Who Won the Popular Vote: Donald Trump or Hillary Clinton?

UPDATE 12/11 10:55 a.m. ET: More than one month after the November 8 presidential elections, Hillary Clinton's popular vote count continues to go up, now at 65,746,544, with President-elect Donald Trump's votes totaling 62,904,682. This marks a more than 400,000-vote increase in Clinton's popular vote count, giving her a lead ahead of Trump by 2.83 million votes. 

UPDATE 12/5 10:55 a.m. ET: Hillary Clinton's lead in the popular vote has continued to grow unwaveringly since Election Day. According to the latest figures by the Cook Political Report, Clinton has 65,316,724 votes, while Donald Trump has 62,719,568, giving the former secretary of state a lead of nearly 2.6 million votes.

Green Party candidate Jill Stein initiated a Wisconsin recount in late November after she raised millions of dollars to have votes counted again the state. Clinton's campaign announced on November 26 that it would participate in the recount, stating that it planned to "take the same approach" in Michigan and Pennsylvania as Stein pursued additional recounts. Trump called the effort "a scam by the Green Party for an election that has already been conceded." On December 3, Stein wrote on Twitter that she plans to "escalate" the Pennsylvania recount through a federal lawsuit, hours after she stated that she'd drop the request.

Original story below:

The results are (mostly) in… President-elect Donald Trump captured the threshold 270 electoral college votes on Election Day, November 8, earning him the title of the 45th president of the United States. Trump's rival, Hillary Clinton, however, is handily winning the popular vote, and her lead is only growing.

Votes are still being counted, but the Associated Press' election results show the Democratic candidate, 69, leading the Republican nominee, 70, by 797,724 votes (0.62 percent of voters). According to the AP's tally, she earned 61,324,576 votes (47.85 percent) and he garnered 60,526,852 votes (47.23 percent). CNN reported that Trump is likely to lose the popular vote "by anywhere from 500,000 to over a million votes." Numbers tallied by the Cook Political Report suggest Clinton's lead may already be over 990,000.

Many major news outlets, including CNN and Politico, have varying tallies as the final numbers come in, but Clinton leads Trump in the popular vote in all of them, despite losing the overall election.

Donald Trump and Hillary Clinton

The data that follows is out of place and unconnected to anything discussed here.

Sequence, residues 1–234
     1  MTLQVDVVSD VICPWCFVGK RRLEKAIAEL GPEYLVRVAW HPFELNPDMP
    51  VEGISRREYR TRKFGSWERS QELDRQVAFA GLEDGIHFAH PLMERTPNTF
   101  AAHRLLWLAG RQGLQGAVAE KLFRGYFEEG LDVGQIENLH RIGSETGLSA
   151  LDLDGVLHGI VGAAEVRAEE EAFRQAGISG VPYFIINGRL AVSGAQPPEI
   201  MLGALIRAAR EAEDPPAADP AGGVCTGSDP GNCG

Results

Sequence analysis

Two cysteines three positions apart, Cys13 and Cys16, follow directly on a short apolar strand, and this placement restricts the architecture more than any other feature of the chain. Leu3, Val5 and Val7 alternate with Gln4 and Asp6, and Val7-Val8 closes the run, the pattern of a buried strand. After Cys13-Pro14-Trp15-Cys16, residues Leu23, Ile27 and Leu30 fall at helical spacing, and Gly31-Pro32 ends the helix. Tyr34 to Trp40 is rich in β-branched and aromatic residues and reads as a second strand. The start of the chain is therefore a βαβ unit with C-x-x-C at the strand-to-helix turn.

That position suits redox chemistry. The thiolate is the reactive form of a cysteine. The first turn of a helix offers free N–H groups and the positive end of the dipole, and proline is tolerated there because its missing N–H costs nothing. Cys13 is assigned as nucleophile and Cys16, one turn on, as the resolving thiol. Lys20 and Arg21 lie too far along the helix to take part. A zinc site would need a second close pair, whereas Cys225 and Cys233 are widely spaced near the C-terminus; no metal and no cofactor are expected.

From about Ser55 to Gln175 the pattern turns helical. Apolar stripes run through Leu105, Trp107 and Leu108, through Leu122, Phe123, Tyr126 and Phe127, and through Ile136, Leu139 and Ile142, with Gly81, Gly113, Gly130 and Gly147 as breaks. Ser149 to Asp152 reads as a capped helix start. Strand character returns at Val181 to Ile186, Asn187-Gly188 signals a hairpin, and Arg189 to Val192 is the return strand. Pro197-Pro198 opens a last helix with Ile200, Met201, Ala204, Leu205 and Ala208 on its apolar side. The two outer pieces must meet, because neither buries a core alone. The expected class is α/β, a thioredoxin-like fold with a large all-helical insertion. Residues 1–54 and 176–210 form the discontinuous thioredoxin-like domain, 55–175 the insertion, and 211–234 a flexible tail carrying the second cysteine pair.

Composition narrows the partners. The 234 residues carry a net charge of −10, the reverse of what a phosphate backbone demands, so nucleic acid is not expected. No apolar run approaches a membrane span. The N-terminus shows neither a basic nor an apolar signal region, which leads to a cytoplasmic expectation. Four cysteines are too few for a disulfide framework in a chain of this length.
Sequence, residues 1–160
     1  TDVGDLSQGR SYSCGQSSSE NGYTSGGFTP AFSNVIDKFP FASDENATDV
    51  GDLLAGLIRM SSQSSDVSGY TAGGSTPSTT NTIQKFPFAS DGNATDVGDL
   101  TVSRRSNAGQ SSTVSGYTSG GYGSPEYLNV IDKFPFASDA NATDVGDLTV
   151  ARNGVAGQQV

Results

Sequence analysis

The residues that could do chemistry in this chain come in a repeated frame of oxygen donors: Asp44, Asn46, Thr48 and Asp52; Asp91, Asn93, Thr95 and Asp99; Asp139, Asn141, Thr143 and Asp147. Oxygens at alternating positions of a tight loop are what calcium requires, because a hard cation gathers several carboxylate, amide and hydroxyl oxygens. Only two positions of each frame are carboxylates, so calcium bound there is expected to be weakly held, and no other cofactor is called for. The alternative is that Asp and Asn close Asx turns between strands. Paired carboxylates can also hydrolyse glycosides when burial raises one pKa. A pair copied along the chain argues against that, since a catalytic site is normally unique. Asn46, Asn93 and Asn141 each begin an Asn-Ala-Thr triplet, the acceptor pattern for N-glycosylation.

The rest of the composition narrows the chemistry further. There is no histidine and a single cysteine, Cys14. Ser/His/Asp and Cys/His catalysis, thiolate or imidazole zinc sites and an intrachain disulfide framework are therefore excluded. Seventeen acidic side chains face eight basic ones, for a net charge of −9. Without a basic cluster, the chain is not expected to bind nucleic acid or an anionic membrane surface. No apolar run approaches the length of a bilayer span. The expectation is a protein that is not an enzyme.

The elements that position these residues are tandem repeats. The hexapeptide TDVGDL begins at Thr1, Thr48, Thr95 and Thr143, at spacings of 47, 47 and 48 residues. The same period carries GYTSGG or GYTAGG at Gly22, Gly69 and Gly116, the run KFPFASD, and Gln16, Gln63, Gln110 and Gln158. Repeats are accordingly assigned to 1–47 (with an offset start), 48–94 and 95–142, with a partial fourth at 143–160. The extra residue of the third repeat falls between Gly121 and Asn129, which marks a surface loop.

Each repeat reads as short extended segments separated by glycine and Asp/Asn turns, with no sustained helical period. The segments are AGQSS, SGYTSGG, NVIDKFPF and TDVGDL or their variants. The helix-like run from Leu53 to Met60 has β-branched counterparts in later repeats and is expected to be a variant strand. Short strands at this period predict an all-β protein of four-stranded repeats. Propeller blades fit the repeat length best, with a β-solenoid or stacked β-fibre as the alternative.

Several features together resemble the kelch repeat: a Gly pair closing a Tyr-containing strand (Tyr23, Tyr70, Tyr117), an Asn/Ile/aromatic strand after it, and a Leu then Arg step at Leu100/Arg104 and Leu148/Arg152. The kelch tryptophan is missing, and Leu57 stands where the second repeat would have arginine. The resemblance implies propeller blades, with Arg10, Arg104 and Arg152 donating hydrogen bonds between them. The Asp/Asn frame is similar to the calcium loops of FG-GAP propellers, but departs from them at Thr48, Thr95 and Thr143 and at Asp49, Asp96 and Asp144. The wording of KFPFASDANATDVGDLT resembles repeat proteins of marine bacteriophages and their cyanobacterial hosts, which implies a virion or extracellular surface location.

Donald Trump and Hillary Clinton during the presidential debate at Hofstra University on Sept. 26, 2016. Drew Angerer/Getty Images

The former Celebrity Apprentice host took to Twitter on Tuesday, November 15, to address the popular vote results, writing, "If the election were based on total popular vote I would have campaigned in N.Y. Florida and California and won even bigger and more easily. The Electoral College is actually genius in that it brings all states, including the smaller ones, into play. Campaigning is so much different!"

In a shocking victory, Trump received 290 electoral college votes, thanks to states like Florida (29) and Pennsylvania (20). The former secretary of state, meanwhile, won 232 electoral votes with the help of California (55), New York (29) and Illinois (20).

This is the second time in the past five elections that the popular vote victor didn't win in the electoral college. In 2000, President George W. Bush lost the popular vote to Democratic opponent Al Gore but took home more electoral votes.

In the wake of the recent results, more than 4.3 million people, including stars such as Lady Gaga and Pink, have signed a Change.org petition to ask Republican electors to honor the popular vote and declare Clinton the next POTUS.

"We are calling on the Electors to ignore their states' votes and cast their ballots for Secretary Clinton," the petition reads. "Why? Mr. Trump is unfit to serve. His scapegoating of so many Americans, and his impulsivity, bullying, lying, admitted history of sexual assault, and utter lack of experience make him a danger to the Republic."

However, Ohio Northern University political science professor Robert M. Alexander wrote an op-ed for CNN stating that the petition will likely be ineffective.

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